Fakes & Hoaxes

With a story as persistent as that of The Loch Ness Monster there are those who will try to cash in for financial gain, celebrity or even revenge. Sometimes all of these reasons together.

Here are a few stories of admitted fakes and forgeries associated with the monster.



There have been several films, TV shows and commercials featuring the Loch Ness Monster made over the years. For one of these commercials, in the 1990s, saw a Nessie model towed by submarine past a local pub. The extras and invited locals knew this was a fake. But then a couple of buses of unsuspecting tourists turned up and began snapping photos!

Some of these props have even found their way to the bottom of the loch. One prop found itself used later to stage a completely different hoax.


A prop Nessie hump from a documentary was recycled to fake a Monster sighting photograph by local tour boat skipper George Edwards. He called the 2013 stunt, “a bit of fun.”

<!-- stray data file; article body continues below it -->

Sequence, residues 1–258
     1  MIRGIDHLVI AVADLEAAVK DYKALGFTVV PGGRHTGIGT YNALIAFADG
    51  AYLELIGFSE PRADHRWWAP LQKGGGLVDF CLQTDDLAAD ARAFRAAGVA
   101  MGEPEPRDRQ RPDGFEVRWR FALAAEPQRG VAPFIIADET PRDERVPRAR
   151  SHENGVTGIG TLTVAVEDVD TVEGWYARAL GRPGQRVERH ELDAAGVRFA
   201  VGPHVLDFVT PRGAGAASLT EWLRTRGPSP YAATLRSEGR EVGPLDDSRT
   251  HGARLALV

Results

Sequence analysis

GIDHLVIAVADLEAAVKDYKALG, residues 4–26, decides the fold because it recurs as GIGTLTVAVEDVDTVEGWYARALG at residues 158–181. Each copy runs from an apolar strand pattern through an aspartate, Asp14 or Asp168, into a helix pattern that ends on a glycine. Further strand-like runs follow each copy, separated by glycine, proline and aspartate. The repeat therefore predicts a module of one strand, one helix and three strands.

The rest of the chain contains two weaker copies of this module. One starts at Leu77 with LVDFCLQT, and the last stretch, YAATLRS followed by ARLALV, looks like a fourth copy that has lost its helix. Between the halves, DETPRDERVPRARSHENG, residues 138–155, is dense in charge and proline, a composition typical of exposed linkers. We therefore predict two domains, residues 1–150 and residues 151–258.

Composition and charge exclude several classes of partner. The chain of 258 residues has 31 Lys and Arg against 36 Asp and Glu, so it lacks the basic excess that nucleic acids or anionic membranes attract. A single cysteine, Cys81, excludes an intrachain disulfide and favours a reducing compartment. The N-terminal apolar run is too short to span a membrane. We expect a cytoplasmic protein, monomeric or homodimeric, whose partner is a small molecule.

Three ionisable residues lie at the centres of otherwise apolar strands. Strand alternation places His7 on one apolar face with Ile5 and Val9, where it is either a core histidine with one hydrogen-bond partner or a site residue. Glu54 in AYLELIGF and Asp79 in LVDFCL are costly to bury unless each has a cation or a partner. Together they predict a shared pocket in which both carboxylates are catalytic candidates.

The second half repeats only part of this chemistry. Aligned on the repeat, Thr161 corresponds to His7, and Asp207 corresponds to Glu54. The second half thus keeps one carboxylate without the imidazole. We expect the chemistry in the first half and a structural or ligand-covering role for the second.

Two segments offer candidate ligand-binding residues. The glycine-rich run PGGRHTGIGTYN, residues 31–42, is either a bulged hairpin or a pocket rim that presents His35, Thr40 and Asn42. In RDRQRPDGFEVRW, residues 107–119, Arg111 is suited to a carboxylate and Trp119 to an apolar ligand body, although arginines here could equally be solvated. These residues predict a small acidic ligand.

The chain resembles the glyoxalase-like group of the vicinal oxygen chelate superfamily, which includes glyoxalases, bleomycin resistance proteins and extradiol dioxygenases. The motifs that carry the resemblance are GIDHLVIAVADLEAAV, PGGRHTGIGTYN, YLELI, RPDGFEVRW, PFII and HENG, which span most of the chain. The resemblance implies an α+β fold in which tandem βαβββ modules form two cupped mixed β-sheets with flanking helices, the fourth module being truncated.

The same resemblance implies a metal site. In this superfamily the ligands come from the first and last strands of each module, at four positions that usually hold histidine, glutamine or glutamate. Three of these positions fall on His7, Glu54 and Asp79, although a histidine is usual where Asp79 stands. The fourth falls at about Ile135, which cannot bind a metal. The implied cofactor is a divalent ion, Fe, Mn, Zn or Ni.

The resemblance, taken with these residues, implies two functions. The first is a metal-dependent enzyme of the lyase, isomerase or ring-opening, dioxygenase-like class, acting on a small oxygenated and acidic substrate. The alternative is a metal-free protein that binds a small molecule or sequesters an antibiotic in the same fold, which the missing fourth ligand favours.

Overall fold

In the 1930s Monster fever was at its peak. In 1933, The Daily Mail hired a big game hunter with the fabulous name of Marmaduke Weatherall to find evidence the Loch Ness Monster existed. He promptly delivered and revealed “monster footprints” in December of 1933. But when scientists from the Museum of Natural History examined the prints, they declared they were those of a hippo. Weatherall had used a hippo foot umbrella stand (popular in those days) to make the tracks.


When people think of the Loch Ness Monster there is one photo that is iconic. That grainy image is known as “The Surgeon’s Photo” because it was supposedly snapped by surgeon Robert Wilson in 1934. For the next 60 years it was the classic monster photo used everywhere. However, in 1994 a man by the name of Christian Spurling made a deathbed confession. He had made the model used to fake the photo. Things got even more interesting. Spurling’s stepfather was the disgraced Marmaduke Weatherall who had concocted the whole plan to exact revenge for his earlier umbrella stand hoax. Robert Wilson was the front man because the fraudsters believed a surgeon would be taken seriously. It almost worked!

The Surgeon's Photograph, 1934

The Surgeon's Photograph, 1934